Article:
I had so many things I wanted to post for Advent but our house has been struck by some sort of viral plague that has kept us sneezing, coughing, and running fevers. Mine turned into a secondary bacterial sinus infection that kept me in bed watching BBC miniseries for the past four days while my angelic parents, in-laws, husband, and brother picked up the slack for me. How did we spend Little Bear’s first year-and-a-half so many states away from family? I couldn’t be happier that we’re settled close by.
Anyhow, I finally gave in and started taking some antibiotics and am starting to improve but am still under the weather. So I thought I’d post an Advent reflection I wrote last year for one of the Landing Literary Society’s meetings. Here tis.
I was huge. Not just big—gigantic. Even before I entered my third trimester, well-intentioned old ladies would pat my shoulder and say, “Any day now!” encouragingly as I waddled my way through the grocery store. Considering the raging pregnancy hormones running through my system, I’m impressed that I didn’t slap any of the kind-hearted dears. I was huge.
As it neared the end of November, I started wearing flip-flops exclusively because my swollen feet wouldn’t fit into anything else. I think I gave up on other footwear after one particularly bad day when my husband had to help me get my boots off as I helplessly yelled inchoate phrases about being the only woman who would be pregnant forever. My maternity coat didn’t fit anymore by the time it was cold enough to wear it which enraged me further. When I wasn’t at work, I was lying on the couch or in the bath tub trying to remember what it felt like to be able to see my toes. Then I would see a tiny limb change position—reminding me that my massive tummy housed a moving, living child.
As December neared and Advent began I considered this season for perhaps the first time. I had lighted Advent candles as a little girl and been excited about Christmas coming but had never considered the season as anything except a Pre-Christmas countdown. I came to realize that this is as incomplete an understanding of Advent as a definition of pregnancy as simply the nine months preceding a birth.
While I tried to remember what my feet looked like, I remembered the Blessed Virgin Mary. I confess that I had never thought much about her before. I had never felt that we had anything in common until now. But as my belly got rounder and rounder and my back got achier and achier, I remembered her. She has done this, I thought. She has felt her child move in her womb, perhaps even responding to the sound of her voice or her song. She experienced this miracle of life taking place within her.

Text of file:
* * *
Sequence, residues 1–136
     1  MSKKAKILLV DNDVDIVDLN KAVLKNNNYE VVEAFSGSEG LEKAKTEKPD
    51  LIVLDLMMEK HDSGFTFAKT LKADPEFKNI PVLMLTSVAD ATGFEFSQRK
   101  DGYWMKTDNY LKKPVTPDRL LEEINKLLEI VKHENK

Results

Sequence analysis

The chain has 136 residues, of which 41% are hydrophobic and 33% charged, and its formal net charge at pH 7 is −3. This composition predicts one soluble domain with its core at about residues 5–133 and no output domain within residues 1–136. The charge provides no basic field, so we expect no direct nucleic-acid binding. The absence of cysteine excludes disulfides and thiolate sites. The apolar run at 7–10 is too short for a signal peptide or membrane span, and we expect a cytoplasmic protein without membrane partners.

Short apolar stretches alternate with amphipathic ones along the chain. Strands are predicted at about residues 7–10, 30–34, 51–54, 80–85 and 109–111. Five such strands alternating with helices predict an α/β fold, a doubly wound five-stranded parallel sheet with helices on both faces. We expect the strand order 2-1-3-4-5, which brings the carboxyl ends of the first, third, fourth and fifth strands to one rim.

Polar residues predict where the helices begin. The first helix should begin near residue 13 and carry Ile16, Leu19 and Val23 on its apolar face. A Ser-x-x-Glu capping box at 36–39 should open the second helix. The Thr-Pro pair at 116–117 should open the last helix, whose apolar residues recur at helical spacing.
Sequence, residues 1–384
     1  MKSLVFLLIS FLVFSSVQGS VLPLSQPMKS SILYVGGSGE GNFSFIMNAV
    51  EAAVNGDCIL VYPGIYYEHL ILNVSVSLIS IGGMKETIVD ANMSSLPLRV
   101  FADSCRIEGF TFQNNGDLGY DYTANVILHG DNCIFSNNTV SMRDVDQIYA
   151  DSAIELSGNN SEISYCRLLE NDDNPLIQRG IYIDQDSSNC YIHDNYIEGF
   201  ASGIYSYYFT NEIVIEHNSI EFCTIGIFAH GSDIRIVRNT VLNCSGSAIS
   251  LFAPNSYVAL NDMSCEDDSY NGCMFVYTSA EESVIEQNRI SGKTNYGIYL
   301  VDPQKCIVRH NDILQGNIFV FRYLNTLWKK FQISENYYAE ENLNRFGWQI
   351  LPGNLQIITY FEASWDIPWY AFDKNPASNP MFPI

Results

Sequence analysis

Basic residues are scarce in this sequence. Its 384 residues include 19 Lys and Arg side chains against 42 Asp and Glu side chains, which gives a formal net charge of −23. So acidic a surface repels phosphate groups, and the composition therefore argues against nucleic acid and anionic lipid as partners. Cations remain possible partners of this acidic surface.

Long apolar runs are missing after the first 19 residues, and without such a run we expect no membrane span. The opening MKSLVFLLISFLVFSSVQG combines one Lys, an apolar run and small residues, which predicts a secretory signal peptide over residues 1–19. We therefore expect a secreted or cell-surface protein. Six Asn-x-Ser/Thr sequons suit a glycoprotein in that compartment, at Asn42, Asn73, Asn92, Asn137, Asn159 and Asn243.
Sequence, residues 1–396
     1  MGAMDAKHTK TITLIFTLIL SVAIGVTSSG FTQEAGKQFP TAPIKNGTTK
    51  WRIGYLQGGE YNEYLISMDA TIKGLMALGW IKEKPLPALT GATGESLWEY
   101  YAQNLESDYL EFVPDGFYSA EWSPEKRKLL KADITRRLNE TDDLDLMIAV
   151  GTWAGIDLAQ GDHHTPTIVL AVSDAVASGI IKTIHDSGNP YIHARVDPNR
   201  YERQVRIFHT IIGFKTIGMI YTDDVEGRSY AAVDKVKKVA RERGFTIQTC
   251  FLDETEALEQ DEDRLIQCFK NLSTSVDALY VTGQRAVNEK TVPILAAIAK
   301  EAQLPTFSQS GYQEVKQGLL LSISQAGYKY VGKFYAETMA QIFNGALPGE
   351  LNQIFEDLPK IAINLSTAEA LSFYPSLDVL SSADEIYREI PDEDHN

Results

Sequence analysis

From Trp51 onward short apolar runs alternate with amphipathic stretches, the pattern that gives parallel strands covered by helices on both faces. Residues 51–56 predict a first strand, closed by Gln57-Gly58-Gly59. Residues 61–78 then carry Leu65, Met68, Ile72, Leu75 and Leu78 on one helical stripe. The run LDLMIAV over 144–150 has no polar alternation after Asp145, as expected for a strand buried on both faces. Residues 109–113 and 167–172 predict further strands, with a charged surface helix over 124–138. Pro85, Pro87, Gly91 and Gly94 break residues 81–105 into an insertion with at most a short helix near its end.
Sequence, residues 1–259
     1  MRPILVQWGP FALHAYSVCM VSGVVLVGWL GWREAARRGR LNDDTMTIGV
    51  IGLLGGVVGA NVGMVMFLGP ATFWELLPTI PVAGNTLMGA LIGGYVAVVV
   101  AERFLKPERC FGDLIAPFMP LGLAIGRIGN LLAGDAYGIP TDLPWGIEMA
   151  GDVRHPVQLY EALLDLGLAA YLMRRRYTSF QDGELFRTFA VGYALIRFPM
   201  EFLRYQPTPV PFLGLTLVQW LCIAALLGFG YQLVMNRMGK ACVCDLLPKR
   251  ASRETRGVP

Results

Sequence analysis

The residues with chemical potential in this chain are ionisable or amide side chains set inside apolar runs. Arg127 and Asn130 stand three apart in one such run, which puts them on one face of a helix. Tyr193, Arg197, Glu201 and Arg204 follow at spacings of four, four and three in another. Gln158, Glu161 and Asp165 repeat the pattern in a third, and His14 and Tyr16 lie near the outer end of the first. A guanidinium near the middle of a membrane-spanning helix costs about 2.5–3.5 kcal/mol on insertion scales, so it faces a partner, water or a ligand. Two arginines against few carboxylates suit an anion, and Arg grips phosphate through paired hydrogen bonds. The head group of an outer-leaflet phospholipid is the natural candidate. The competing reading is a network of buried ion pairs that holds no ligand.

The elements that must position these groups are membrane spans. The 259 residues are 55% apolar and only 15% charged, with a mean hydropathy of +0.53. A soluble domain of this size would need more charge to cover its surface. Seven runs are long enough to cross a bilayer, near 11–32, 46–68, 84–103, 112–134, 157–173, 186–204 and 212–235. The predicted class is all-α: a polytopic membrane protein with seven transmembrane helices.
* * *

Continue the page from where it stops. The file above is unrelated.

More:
In our modern disenchanted age we have not completely lost our fascination with the miracle of new life. Whenever I dragged my sleepy pregnant body to public places my experience was different than ever before. Little children looked at my belly, fascinated, sometimes even trying to give my belly a pat or lift up my shirt to discover if there was really a baby inside. Other mothers smiled at me and grandmothers reassured me. My ordinary child, this new ordinary life, elicited such a response of amazement. How much more miraculous is the coming of our Lord?, I began to wonder.
For unto us a child is born. Unto us a son is given.
I was expecting my son during the season of expectation. The word comes from expectare—to wait, to hope, to look for. I did all this things. At first there was a contentment in the waiting and the hoping but eventually the groaning, miserable discomfort led to a readiness to be delivered of the tiny tyrant reigning over me from my womb. A week before my due date I was so exhausted and so tired of bumping the counters with my colossal tummy and getting up 10 times a night because the little angel had given my bladder yet another energetic punch, that I began to lose it a bit. I couldn’t go to work one more day. I couldn’t fit behind my desk. I couldn’t sleep. Until the discomfort crossed a certain threshold and I was struck with a desperate desire to be pregnant not a day longer, the pain of delivery was alarming to me and I remained unprepared. Now it did not frighten me. Anything but this. I started to understand that it is not until we are exhausted, ill with our condition, miserable, that we are ready for Christ—when we can really desire to be delivered.
I kept thinking about the Blessed Virgin Mary. Was she as desperate to give birth as I was? I considered with wonder how when her baby boy was delivered, he would in turn deliver her, deliver me, deliver my own unborn son.
As I waited in joyous, miserable, anxious expectation, I started to understand an inkling of what it must have felt like to wait for the Messiah, Mary’s son. I begin to understand the Joy born to the world on Christmas and present with us now as I heard the sound of the first beautiful and strong cry of my newborn son. I realized in a new way how to wait with groaning and expectation for our Lord’s return in glory. It was my first Advent.